It is not an uncommon situation that an employee terminates their employment and does not return all company property or repay any outstanding debts. Where the employee has wages or annual leave entitlements owing to them, subject to the deduction provisions of section 5 of the Wage Protection Act 1983, some amount of recovery may be able to be lawfully made.
However, problems arise where there is no final payment owing or where the balance of any payment owing is insufficient to cover the outstanding debts.
This was a situation recently brought to the Employment Relations Authority (ERA) by CTR Roofing Limited.
Mr Cross was an employee of CTR until his employment was terminated, initially on the basis of serious misconduct in September 2022, but finally by way of resignation after the company had agreed to give him a second chance. At the time of the resignation occurring, Cross was in possession of a number of items belonging to CTR, including yard keys, a cell phone and tools. In addition, due to an earlier arrangement where Cross had purchased a vehicle off CTR and was repaying this through regular deductions from his wages, Cross also owed CTR for the remaining purchase balance.
Despite the best efforts of CTR to seek payment from Cross after the ending of the employment relationship, Cross failed to acknowledge the debt, or even engage with the company over his repayment obligations. The total debt owed by Cross to CTR at that time amounted to $3,803.76.
With no communication from Cross, CTR filed a Statement of Problem at the ERA to seek a compliance order requiring Cross to either return the outstanding equipment or pay the full value of the debt to CTR.
Cross elected not to engage in the ERA process, with the ERA being convinced that CTR had taken all required steps to serve the Statement of Problem on him. On this basis, the ERA confirmed that they had the jurisdiction to issue a compliance order pursuant to s137 of the Act.
The Compliance Order then required Cross to return the company property by a defined date, and similarly to also pay the outstanding balance of the vehicle purchase by the same date.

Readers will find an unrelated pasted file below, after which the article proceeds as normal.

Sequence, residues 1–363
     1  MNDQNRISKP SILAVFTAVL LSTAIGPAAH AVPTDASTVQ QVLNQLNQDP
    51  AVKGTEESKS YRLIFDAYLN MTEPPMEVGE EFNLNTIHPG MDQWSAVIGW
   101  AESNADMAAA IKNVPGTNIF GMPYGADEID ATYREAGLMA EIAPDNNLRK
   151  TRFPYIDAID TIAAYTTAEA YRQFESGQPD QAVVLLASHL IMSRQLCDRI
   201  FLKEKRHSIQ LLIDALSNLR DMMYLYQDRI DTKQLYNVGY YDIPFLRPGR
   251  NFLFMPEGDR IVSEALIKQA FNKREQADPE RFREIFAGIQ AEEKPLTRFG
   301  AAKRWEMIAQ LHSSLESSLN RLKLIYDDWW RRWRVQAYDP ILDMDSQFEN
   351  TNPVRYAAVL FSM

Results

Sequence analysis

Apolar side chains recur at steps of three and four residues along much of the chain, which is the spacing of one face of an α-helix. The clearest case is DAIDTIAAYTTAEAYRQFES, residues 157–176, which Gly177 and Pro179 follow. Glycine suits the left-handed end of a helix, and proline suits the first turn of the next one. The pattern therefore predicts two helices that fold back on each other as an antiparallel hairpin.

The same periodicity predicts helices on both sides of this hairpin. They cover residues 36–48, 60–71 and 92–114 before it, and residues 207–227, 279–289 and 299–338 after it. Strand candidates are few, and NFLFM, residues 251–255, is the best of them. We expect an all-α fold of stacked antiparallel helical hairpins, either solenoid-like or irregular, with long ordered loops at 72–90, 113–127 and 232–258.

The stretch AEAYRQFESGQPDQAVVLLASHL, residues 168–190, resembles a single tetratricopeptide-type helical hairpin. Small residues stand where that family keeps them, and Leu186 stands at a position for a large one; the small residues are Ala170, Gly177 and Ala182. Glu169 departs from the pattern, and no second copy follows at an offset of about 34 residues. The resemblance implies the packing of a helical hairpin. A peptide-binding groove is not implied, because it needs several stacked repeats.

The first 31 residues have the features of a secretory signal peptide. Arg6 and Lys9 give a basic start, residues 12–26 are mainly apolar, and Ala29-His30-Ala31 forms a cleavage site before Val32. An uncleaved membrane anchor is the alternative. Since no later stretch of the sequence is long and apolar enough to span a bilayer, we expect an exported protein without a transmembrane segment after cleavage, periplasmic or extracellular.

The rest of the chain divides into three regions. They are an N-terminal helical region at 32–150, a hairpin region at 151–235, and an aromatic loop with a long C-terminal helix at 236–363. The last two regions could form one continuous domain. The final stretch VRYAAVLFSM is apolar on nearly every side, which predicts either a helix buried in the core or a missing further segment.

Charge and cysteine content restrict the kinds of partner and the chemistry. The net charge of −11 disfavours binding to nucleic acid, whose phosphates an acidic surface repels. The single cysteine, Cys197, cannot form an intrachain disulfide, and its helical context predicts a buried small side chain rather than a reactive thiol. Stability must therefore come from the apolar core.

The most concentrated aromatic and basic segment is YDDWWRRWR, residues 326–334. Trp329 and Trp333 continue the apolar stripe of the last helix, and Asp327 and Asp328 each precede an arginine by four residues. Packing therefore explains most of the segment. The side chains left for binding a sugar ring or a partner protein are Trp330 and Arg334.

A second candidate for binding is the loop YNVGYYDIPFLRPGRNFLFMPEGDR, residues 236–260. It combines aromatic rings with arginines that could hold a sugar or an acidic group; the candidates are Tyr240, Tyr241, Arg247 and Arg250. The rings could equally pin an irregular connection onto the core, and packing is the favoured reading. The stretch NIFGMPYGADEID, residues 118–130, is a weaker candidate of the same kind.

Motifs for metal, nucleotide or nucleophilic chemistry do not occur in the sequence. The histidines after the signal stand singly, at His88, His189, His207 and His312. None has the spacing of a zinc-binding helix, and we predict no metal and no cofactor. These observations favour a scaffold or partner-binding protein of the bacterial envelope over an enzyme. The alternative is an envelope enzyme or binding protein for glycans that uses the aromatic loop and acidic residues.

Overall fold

As CTR was the successful party in the proceedings, the ERA also ordered Cross to pay CTR’s legal costs in bringing the successful claim. This now increased Cross’s debt to the company from the original $3,803.76 to $9,717.33.
Within the Determination https://determinations.era.govt.nz/assets/elawpdf/2023/2023-NZERA-497.pdf the ERA also confirmed that, should Cross not respond to the compliance order as required that “Imposition of a compliance order is a serious matter. If Mr Cross fails to comply with this compliance order, CTR may apply to the Employment Court for it to exercise its powers under s 140(6) of the Act”. In such case, if the Court were required to rule on the matter, additional legal costs would be added to the debt and should Cross then fail to pay that balance, the matter could be referred to the District Court. The Court could then consider this to be an outstanding fine for which an order to seize property from Cross to the full value of the outstanding balance could be issued.
While CTR may ultimately get justice from Cross, this will be an extremely long process reinforcing that the best way to avoid such situations from occurring is to ensure that sound processes are in place, along with the correct clauses within your employment documentation, to recover property and debts from the outset – particularly where an employee purchases property from an employer under a ‘pay as you go arrangement’.
If you have any situations that could have the potential to result in the company being left out of pocket on the termination of an employee’s employment, and you want to ensure that you have the best possible chance of recovering costs and equipment, please feel free to contact us to discuss your situation.